Morning Prayer

Copyright © 2004, 2016 by the General Synod of the Anglican Church of Canada. All rights reserved. Reproduced under license from ABC Publishing, Anglican Book Centre, a ministry of the General Synod of the Anglican Church of Canada, from Anglican Liturgical Library. Further copying is prohibited.

The Penitential Rite

The officiant may read one or more of the following sentences of scripture, or an opening sentence proper to the day.

The sacrifice of God is a broken spirit: a broken and contrite heart, O God, you will not despise. Psalm 51.18

Seek the Lord while he wills to be found, call upon him when he draws near; let the wicked forsake their ways, and the evil ones their thoughts; and let them return to the Lord, and he will have compassion, and to our God, for he will richly pardon. Isaiah 55.6, 7

If we say we have no sin, we deceive ourselves, and the truth is not in us. But if we confess our sins, God is faithful and just, and will forgive our sins and cleanse us from all unrighteousness. 1 John 1.8, 9


Stay with us, Lord, for evening draws on, and the day is almost over. Luke 24.29

Seek him who made the Pleiades and Orion, and turns deep darkness into the morning, and darkens the day into night; who calls for the waters of the sea, and pours them out upon the surface of the earth: the Lord is his name. Amos 5.8

Jesus said, “I am the light of the world; whoever follows me will not walk in darkness, but will have the light of life.”

John 8.12

The officiant says to the people,

Dear friends in Christ, as we prepare to worship almighty God, let us with penitent and obedient hearts confess our sins, that we may obtain forgiveness by his infinite goodness and mercy.

Or this: Let us confess our sins against God and our neighbour.

Silence is kept.

The officiant and people say together,

Most merciful God, we confess that we have sinned against you in thought, word, and deed, by what we have done and by what we have left undone. We have not loved you with our whole heart; we have not loved our neighbours as ourselves. We are truly sorry and we humbly repent. For the sake of your Son Jesus Christ, have mercy on us and forgive us, that we may delight in your will, and walk in your ways, to the glory of your name. Amen.

The priest says,

Almighty God have mercy upon you, pardon and deliver you from all your sins, confirm and strengthen you in all goodness, and keep you in eternal life; through Jesus Christ our Lord.

People Amen.

A deacon or lay person using the preceding form substitutes us for you and our for your.

When the Penitential Rite is used, the Invitatory for Morning or Evening Prayer may follow immediately (p. 47 or 66).

If the Penitential Rite has not been used, the officiant may read an opening sentence proper to the day or time of day.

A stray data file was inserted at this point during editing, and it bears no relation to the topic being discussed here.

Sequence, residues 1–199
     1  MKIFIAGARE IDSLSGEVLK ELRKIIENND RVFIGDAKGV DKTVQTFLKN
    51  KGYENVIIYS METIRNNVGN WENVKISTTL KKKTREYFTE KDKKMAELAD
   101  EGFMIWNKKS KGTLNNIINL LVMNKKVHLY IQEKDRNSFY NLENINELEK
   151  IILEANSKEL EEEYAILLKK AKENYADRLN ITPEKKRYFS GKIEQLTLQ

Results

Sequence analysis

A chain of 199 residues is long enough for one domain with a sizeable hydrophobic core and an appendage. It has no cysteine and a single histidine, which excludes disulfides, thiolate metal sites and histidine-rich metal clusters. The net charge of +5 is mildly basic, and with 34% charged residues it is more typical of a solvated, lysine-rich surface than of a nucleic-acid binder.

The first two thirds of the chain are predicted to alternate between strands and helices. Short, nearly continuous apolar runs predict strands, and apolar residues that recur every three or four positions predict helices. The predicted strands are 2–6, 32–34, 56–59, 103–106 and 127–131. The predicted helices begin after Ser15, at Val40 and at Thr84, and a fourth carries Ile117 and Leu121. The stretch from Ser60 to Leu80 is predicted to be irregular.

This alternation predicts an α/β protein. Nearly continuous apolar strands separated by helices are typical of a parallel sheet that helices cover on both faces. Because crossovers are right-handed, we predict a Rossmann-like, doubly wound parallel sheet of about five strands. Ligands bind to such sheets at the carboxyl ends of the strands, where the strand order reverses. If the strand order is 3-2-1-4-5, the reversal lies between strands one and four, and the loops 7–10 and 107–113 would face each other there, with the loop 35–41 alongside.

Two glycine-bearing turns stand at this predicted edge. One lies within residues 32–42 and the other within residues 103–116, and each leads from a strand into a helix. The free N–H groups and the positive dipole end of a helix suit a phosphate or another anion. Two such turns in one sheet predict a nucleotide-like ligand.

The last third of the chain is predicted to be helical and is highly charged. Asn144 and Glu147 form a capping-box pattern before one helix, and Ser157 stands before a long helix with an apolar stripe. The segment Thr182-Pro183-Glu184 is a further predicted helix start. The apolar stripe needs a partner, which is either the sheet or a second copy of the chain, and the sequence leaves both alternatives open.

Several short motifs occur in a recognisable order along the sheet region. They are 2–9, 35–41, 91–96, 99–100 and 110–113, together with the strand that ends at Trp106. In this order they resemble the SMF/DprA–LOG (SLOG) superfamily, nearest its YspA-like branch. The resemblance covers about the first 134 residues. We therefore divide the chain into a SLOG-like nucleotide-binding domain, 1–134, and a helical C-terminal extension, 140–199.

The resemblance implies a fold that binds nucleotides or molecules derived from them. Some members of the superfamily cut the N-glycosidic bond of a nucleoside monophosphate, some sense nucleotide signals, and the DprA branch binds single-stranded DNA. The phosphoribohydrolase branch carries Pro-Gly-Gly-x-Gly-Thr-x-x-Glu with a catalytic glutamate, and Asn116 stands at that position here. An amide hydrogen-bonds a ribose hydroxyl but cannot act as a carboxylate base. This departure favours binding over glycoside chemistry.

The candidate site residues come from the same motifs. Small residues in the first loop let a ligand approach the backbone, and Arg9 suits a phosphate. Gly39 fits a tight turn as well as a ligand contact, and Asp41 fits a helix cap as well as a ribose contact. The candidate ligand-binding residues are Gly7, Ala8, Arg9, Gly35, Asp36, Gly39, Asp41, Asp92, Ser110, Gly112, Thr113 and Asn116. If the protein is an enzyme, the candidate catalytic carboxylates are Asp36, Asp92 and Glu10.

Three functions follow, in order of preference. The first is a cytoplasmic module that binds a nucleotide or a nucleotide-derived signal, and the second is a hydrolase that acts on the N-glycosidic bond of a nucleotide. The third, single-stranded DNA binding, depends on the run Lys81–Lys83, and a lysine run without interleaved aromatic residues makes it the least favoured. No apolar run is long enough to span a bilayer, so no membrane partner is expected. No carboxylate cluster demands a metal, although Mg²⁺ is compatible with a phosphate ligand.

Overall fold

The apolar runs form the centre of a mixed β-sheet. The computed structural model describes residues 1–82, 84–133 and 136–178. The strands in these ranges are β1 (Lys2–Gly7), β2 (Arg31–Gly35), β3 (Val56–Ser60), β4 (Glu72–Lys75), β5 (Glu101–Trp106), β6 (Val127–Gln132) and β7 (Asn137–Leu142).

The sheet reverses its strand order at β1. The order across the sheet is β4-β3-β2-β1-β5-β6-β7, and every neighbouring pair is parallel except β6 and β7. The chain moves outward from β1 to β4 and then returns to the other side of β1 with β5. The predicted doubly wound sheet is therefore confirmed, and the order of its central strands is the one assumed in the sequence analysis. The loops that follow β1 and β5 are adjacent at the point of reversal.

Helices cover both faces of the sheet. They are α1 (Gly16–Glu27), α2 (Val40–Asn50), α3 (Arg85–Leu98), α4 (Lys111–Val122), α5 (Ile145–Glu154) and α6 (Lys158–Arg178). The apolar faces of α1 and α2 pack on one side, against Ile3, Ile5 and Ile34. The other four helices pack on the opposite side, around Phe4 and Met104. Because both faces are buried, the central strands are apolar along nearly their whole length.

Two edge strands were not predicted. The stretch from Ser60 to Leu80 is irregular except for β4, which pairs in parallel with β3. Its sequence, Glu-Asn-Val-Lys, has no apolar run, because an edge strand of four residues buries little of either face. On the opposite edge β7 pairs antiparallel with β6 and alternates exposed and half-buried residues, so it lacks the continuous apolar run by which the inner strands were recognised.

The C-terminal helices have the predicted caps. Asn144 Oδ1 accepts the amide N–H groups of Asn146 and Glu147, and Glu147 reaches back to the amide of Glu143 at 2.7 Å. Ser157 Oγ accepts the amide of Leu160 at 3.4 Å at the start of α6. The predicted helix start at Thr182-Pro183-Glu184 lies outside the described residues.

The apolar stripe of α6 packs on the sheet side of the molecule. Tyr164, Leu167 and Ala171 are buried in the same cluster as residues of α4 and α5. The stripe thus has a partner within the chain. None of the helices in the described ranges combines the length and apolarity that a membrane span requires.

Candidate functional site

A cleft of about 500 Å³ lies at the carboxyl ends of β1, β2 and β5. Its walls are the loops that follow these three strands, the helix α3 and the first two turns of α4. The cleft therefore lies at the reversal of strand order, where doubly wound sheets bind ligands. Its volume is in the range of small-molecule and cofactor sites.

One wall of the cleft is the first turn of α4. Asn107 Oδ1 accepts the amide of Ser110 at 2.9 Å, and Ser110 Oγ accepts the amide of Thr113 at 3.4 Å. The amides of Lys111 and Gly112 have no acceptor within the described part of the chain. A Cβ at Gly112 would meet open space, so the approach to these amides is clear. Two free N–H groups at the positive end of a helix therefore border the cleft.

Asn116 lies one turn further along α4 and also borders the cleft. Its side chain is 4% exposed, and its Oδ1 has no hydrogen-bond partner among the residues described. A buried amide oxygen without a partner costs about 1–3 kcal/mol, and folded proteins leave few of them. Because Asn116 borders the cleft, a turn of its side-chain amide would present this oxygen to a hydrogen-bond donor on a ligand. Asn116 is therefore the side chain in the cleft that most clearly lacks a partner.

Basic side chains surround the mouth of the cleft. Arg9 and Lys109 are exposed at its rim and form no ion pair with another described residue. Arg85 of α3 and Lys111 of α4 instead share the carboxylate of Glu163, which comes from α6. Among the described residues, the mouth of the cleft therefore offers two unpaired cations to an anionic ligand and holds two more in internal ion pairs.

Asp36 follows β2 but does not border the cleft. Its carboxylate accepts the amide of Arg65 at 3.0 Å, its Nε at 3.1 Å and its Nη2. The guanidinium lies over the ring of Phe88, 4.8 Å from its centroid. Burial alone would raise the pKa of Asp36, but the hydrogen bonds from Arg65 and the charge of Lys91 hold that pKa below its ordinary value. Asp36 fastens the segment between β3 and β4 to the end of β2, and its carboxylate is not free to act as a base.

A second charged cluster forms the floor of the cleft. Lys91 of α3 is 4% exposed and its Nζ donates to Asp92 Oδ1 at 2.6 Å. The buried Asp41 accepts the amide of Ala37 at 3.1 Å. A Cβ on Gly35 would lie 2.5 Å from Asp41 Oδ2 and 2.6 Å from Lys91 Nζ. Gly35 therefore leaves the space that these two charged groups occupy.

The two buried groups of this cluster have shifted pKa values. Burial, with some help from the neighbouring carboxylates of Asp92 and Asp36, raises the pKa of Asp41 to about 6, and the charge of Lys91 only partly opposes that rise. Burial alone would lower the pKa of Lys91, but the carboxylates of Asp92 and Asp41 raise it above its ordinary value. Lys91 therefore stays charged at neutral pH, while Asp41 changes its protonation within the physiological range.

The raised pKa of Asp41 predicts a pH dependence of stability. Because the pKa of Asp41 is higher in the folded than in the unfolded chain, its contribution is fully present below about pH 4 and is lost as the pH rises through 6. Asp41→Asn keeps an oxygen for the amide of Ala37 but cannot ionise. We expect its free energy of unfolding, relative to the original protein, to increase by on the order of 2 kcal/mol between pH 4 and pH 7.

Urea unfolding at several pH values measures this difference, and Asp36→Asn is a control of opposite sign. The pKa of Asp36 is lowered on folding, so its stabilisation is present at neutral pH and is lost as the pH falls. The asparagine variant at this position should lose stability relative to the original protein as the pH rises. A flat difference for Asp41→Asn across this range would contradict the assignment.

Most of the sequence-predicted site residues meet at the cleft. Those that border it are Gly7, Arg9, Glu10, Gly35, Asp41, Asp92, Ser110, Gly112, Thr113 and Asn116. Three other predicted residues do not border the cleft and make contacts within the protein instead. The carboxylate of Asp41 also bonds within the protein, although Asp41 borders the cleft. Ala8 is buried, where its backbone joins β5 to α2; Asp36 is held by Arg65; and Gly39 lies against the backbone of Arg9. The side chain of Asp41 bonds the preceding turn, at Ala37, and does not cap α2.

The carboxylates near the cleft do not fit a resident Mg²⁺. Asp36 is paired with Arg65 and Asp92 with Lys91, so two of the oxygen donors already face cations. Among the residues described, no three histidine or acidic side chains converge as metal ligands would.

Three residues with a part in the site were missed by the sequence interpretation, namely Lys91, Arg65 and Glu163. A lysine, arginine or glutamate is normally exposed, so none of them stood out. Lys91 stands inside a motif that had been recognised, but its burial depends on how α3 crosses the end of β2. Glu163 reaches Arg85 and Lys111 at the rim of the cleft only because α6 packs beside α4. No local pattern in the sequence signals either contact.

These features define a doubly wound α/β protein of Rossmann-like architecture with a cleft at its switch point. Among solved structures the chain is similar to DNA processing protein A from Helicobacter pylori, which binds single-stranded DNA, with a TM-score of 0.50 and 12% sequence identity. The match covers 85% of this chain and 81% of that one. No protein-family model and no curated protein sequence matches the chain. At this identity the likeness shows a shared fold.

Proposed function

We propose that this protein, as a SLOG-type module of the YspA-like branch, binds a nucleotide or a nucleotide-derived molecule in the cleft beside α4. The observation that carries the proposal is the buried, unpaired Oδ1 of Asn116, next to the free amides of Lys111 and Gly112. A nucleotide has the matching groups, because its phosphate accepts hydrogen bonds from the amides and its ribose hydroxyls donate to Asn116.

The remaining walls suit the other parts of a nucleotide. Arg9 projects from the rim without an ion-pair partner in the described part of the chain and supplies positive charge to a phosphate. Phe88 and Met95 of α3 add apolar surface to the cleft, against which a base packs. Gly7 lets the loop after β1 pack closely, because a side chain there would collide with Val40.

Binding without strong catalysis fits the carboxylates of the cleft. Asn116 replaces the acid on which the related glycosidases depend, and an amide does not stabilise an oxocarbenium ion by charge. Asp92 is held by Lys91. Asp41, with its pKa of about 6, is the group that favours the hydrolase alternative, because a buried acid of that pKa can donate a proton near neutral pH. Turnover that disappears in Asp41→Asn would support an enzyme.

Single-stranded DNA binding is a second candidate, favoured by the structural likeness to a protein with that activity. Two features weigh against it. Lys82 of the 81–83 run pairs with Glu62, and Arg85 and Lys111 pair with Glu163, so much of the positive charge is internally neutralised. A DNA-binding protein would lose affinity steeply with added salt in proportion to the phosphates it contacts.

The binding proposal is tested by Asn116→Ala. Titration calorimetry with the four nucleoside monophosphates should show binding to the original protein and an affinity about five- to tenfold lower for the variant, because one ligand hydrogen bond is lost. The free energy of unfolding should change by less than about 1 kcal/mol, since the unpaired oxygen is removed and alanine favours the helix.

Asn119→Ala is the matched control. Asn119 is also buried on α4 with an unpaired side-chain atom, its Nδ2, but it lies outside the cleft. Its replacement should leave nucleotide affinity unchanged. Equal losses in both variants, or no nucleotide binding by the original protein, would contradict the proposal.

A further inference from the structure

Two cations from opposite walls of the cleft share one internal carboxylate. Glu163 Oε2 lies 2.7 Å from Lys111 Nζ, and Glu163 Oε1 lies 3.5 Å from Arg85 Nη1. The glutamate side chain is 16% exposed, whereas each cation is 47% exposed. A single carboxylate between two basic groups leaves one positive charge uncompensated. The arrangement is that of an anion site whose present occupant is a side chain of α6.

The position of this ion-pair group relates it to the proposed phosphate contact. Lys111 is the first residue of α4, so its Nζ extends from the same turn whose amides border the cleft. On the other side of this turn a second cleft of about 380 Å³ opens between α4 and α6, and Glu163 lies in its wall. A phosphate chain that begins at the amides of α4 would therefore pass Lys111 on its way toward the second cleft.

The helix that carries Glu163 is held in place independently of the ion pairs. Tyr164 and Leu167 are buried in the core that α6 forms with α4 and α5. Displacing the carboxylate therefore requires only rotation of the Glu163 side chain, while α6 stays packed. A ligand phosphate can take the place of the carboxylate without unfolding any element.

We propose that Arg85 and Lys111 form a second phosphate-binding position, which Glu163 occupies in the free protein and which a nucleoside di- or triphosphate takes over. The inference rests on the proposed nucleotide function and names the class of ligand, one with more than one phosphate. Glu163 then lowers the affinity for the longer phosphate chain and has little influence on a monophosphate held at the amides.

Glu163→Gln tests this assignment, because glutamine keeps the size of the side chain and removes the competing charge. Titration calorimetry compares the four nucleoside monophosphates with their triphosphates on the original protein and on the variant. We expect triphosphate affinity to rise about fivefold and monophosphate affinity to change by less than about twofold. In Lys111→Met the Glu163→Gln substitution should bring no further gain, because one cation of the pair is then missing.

Either or both of the following responses may be used. One of the alternative introductory responses on pp. 96–100 may replace all that precedes the Invitatory or, on ordinary weekdays, all that precedes the psalm.

Officiant Lord, open our lips,

People And our mouth shall proclaim your praise.

Officiant O God, make speed to save us.

People O Lord, make haste to help us.

All Glory to the Father, and to the Son, and to the Holy Spirit: as it was in the beginning, is now, and will be for ever. Amen.

Except in Lent, add, Alleluia!

The Invitatory

Then follows one of the Invitatory psalms, or the Easter canticle, or a suitable hymn.

One of the following antiphons may be said or sung before and after the Invitatory psalm (and between the sections of the psalm, if desired).

1 God rules over all the earth: O come, let us worship.

2 The Lord is in his holy temple: O come, let us worship.

3 The Lord is our refuge and strength: O come, let us worship.

4 The Lord is our light and our life: O come, let us worship.


5 The kingdom of God is at hand: O come, let us worship.


6 To us a child is born: O come, let us worship.

7 The Word was made flesh and dwelt among us: O come, let us worship.


8 The Lord is full of compassion and mercy: O come, let us worship.


9 Christ became obedient unto death: O come, let us worship.


10 Alleluia! The Lord is risen indeed: O come, let us worship.


11 Alleluia! The Sun of righteousness has risen: O come, let us worship.


12 Alleluia! The Spirit of the Lord renews the face of the earth: O come, let us worship.


13 Holy, holy, holy, is the Lord God almighty: O come, let us worship.

Saints’ Days

14 The Lord is glorious in his saints: O come, let us worship.


Psalm 95.1–7

Come, let us sing to the Lord; *

let us shout for joy to the rock of our salvation.

Let us come before his presence with thanksgiving *

and raise a loud shout to him with psalms.

For the Lord is a great God, *

and a great king above all gods.

In his hand are the caverns of the earth, *

and the heights of the hills are his also.

The sea is his for he made it, *

and his hands have moulded the dry land.

Come, let us bow down, and bend the knee, *

and kneel before the Lord our maker.

For he is our God,

and we are the people of his pasture and the

sheep of his hand. *

Oh, that today you would hearken to his voice!


Psalm 100

Be joyful in the Lord, all you lands; *

serve the Lord with gladness

and come before his presence with a song.

Know this: The Lord himself is God; *

he himself has made us, and we are his;

we are his people and the sheep of his pasture.

Enter his gates with thanksgiving;

go into his courts with praise; *

give thanks to him and call upon his name.

For the Lord is good;

his mercy is everlasting; *

and his faithfulness endures from age to age.

One of the following psalms may be used as the Invitatory.

Psalm 24 Psalm 63.1–8 Psalm 145

Psalm 51.1–18 Psalm 67